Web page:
You’ve finished researching senior living communities and found the right fit – whether it’s for yourself or a parent. The next step? Deciding when to move. Some individuals are ready to move into their new digs right away or have a firm timeline. Others, though, may be reluctant to move or are comfortable at home.
Where seniors once considered moving as a last resort, such as after a crisis, loss of a loved one or when no other choice was available, times are thankfully different today. Trends show seniors making proactive changes in their lives. These can include long-time married couples looking for freedom or active social life, newly married couples just starting out, to vibrant singles, either widowed or divorced.
Divorced seniors represent one of the largest growing segments in this group. “While divorce is currently on the decline for younger couples, divorce among Americans 50+ has more than doubled since the 1990s,” reports the website, LoveandCompany.org. “This trend, called ‘Gray Divorce,’ will shape how senior living communities think about floor plan sizes, service options and social opportunities on and off-site.”
Because of these trends, today’s innovative senior communities are catering to new need as well as an array of ages, including adults just turning 55. Innovative amenities – such as fresh (farm-to-table) dining options, lifelong learning opportunities (classes, activities, and hobbies), and group travel – all heighten the interest for the 55 and older crowd.
So, when is the right time to move?
Start with visualizing your needs and mapping a strategy around them, including 1) needs right now, 2) needs one year from now, and 3), needs in five years. Pressing needs might include convenience to shopping or help around the house. Important, but not quite immediate needs could be taking up a new hobby or reducing your driving time. Then, what do you see as essential to your well-being in five years? This might be eliminating homeownership worries or having access to personal care.
Write down your needs in each phase and prioritize; then clarify or realign them. You may even decide some of the things you thought satisfactory to attain in five years (i.e., no home maintenance) would be preferable to have much sooner.
Another factor is your current health. If you’re looking for a community that offers a continuum of care, is good health a prerequisite before moving? Health may facilitate or expedite your decision. According to Senior Housing Solutions, this is important to consider, and that “people who wait for a crisis to occur or have progressive medical conditions are frequently denied residency.”
- integral is your mindset. Moving to a senior living community is something to look forward to, not resign yourself to. And some communities have waiting lists. When you find the right fit, you probably won’t regret moving sooner rather than later. There are many benefits of joining a community you love, and if you make the right decision, it should be one you’ll never regret.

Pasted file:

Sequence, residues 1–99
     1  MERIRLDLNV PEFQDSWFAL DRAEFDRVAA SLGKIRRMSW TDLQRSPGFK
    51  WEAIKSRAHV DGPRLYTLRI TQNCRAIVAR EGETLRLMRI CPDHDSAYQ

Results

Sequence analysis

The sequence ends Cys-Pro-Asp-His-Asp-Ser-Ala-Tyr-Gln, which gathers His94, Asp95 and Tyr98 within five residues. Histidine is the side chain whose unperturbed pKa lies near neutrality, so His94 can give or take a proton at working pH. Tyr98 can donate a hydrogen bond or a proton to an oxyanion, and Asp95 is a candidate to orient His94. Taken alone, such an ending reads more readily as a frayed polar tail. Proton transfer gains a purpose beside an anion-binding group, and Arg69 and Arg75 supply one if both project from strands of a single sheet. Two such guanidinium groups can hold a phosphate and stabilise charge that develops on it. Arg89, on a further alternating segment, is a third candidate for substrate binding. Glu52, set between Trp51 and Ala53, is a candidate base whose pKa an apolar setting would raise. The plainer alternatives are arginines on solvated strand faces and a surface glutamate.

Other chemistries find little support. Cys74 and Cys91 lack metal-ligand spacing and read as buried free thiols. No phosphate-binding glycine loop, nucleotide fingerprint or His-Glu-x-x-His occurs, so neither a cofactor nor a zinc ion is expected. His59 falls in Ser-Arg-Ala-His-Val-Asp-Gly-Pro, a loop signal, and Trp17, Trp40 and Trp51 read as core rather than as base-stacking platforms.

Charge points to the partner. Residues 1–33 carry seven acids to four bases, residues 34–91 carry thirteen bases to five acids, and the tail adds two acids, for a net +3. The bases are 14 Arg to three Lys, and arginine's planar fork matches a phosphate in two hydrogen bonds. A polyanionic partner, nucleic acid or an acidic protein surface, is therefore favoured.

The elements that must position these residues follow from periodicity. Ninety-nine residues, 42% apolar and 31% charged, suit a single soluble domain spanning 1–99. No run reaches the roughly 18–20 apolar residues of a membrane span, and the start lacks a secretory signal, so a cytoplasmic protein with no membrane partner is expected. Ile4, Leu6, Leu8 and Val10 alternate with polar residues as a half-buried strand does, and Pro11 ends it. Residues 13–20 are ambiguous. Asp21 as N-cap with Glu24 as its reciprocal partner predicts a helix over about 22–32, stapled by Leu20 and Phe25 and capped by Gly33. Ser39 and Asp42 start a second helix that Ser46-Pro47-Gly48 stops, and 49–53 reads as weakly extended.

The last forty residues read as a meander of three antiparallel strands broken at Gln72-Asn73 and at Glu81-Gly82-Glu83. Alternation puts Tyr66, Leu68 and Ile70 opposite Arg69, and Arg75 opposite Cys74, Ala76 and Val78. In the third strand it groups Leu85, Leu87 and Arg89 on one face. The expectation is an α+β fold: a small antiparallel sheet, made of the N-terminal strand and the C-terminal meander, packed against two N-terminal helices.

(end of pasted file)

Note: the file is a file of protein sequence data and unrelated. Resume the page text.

Ten signs that you (or a loved one) are ready to move:
- Maintenance. There’s too much work around the house. Whether it’s cleaning or yard work, it has become more than a chore and interfering with the things you want to do.
- Space. Where spaciousness was once a plus – when raising a family, for instance – it is now a hindrance. Is your home difficult to clean and expensive to maintain? Maybe you’re tired of managing so much ‘stuff,’ contents that fill the nooks and crannies. Why not move and give away some of the mementos to loved ones, now? Then you both can enjoy and share the gift.
- Mobility. Getting around is not as easy as it used to be, such as having too many stairs to climb or a bathtub not easily accessible.
- Driving. You might not be as confident driving or avoid night driving. It could be that you’re tired of maintaining a vehicle. All signal that it may be time to move.
- Cooking. For years, meals were a highlight of family time. But as you age and family dynamics change, cooking isn’t the family event it once was. Not to mention that it’s more challenging to shop and prepare meals for smaller numbers.
- Social. Living on your own can be lonely. You may have limited access to activities or friends – and this can lead to isolation and depression. By moving into a community with like-minded adults, you can reconnect and reenergize your life.
- Hassles. Maintaining your schedule isn’t as easy as it used to be. Even daily routines, from personal care to running errands or shopping, have become challenging.
- Health. If you’ve noticed physical or mental health changes – it may be time for new surroundings and some added care.
- Security. Possibly you don’t feel secure in your present home any longer, or the neighborhood has changed. Or perhaps you’re keen to have friends nearby or live on secured grounds.
- Time. Your present home may take up too much of your time. Moving to a retirement community will free up your schedule so you can try new things, take up a hobby, volunteer more or travel.
See our checklist at https://www.kapdev.com/family-checklist.
If the time is right for you or a loved one to move, contact Kaplan today. We can help with your journey and ensure the transition is smooth and easy – and give all the attention you need.